Children entering the early years now will need the much discussed “twenty-first century skills” and will grow up in the context of the “fourth industrial revolution” where digital skills are central. By linking to the children’s own backgrounds, lives and interests we aim to foster a curiosity in these subjects and to build innovators of the future. And because we want to broaden these traditional STEM skills we have added an additional element - Art.
We introduce this indirectly through activities that encourage your child to explore, problem solve, observe, predict, think, make decisions and talk about the world around them. Children may investigate shadows, light and dark, life-cycles, living things, air and water, magnets, colour – we always link back to children’s interests.
Children require access to a range of technologies both digital and non-digital in their early lives. Investigations, scientific inquiry and exploration are essential components of learning about and with technology both digitally and in the natural world.
Technology does not have to mean screen time. Whilst children in the EYFS are expected to be able to turn on and operate simple computer programmes we are keener to explore low-technologies which could include washing and drying, transporting water, exploring with magnifying glasses and putting pen to paper. Babies can enjoy cause and effect toys- ie twisting a knob to move something.
Hands-on engineering activities empower young children to see themselves as problem solvers. They learn that there's more than one way to solve a problem, and that it's okay to fail and try again. Activities might cover building challenges with large cardboard boxes, blocks, marble runs or sandcastles. Children might investigate vehicles which fly or boats to help develop early concepts they can build on as they grow.
We adore art and messy play at More2Nurseries and have dedicated Art Bars or areas in every room. Art helps to develop a child's imagination, creativity and their ability to use media and materials. Messy play offers an amazing opportunity to develop these early motor skills, whether it's building muscle strength and control in fingers, wrists, arms and shoulders by squishing, squashing and squeezing play dough, or developing muscle control by making marks in shaving foam, clean mud, sand mousse or paint.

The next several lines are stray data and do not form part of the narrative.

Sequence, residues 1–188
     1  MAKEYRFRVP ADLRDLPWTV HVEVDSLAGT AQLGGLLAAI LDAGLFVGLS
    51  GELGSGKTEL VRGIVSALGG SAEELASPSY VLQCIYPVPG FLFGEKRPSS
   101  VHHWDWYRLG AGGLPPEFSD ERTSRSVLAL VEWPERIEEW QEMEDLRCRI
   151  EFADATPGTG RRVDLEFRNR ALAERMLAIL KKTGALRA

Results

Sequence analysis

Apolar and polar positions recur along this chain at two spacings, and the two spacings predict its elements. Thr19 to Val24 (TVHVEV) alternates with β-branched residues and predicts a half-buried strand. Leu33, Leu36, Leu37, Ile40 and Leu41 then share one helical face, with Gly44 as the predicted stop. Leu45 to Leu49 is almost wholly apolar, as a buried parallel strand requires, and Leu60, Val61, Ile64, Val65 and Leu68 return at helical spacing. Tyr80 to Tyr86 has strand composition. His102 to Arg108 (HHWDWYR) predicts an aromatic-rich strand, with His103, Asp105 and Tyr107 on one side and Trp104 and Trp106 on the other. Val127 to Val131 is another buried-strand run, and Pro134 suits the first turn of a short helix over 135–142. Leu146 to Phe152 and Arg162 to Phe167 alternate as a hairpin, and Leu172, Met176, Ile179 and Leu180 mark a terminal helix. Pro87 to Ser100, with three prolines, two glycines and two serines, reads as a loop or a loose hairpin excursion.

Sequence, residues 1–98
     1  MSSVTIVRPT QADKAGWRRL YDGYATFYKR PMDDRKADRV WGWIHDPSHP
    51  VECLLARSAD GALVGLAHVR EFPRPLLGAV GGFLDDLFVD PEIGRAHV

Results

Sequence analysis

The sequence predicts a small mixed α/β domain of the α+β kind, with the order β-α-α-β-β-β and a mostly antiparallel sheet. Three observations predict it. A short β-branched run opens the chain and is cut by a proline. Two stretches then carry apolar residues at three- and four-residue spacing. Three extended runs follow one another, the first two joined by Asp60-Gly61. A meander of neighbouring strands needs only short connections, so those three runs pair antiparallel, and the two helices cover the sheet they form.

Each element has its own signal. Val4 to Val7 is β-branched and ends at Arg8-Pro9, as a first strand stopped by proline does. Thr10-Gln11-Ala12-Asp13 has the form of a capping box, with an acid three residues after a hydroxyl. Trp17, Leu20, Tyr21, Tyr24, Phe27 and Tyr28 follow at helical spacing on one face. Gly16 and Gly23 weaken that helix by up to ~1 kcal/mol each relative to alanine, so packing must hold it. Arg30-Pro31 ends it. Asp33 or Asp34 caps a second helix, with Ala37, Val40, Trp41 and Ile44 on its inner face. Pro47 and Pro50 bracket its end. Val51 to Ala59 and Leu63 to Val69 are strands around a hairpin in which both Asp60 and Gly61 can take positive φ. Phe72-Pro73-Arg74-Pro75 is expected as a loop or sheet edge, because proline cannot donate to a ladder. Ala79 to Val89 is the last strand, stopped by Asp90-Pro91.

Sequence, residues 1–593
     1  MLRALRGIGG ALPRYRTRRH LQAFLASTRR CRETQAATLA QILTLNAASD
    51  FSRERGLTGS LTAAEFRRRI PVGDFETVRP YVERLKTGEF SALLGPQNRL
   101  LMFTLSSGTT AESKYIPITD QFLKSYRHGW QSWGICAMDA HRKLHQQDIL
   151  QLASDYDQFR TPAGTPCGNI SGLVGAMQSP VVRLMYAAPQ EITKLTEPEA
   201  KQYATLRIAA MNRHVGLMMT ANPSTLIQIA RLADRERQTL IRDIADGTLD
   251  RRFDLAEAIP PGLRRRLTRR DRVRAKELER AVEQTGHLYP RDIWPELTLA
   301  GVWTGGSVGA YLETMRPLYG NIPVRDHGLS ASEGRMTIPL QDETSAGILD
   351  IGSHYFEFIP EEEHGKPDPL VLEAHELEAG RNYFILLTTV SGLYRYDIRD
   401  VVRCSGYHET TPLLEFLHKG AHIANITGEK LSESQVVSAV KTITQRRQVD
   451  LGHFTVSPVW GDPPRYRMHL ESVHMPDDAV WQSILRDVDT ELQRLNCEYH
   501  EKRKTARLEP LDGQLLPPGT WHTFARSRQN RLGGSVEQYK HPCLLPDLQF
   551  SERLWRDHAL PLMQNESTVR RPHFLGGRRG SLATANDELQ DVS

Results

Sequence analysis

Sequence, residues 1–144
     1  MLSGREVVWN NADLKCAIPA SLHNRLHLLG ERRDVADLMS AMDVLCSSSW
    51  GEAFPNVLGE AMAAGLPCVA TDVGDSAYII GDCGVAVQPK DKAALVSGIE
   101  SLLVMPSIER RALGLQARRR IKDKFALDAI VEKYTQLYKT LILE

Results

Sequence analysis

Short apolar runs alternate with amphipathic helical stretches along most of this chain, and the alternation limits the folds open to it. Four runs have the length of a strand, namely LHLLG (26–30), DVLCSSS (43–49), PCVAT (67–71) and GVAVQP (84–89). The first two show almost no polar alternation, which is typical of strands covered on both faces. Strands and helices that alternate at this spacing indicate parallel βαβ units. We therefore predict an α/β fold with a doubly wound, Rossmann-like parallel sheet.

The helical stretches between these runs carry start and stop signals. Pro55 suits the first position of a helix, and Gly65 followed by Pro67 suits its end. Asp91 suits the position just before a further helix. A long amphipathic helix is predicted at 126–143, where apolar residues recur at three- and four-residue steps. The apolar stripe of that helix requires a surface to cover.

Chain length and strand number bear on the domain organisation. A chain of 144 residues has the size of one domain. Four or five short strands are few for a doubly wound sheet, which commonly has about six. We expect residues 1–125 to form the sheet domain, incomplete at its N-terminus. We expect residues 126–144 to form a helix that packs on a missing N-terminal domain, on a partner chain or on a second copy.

Maths is an important part of learning for children in the early years because it provides vital life skills. They will help children problem solve, measure and develop their own spatial awareness, and teach them how to use and understand shapes
Mathematics for young children involves developing their own understanding of number, quantity, shape and space. Babies and young children have a natural interest in quantities and spatial relations – they are problem-solvers, pattern-spotters and sense-makers from birth. This curiosity and enjoyment should be nurtured through their interactions with people and the world around them, drawing on their personal and cultural knowledge.
Effective early mathematics experiences involve seeking patterns, creating and solving mathematical problems and engaging with stories, songs, games, practical activities and imaginative play.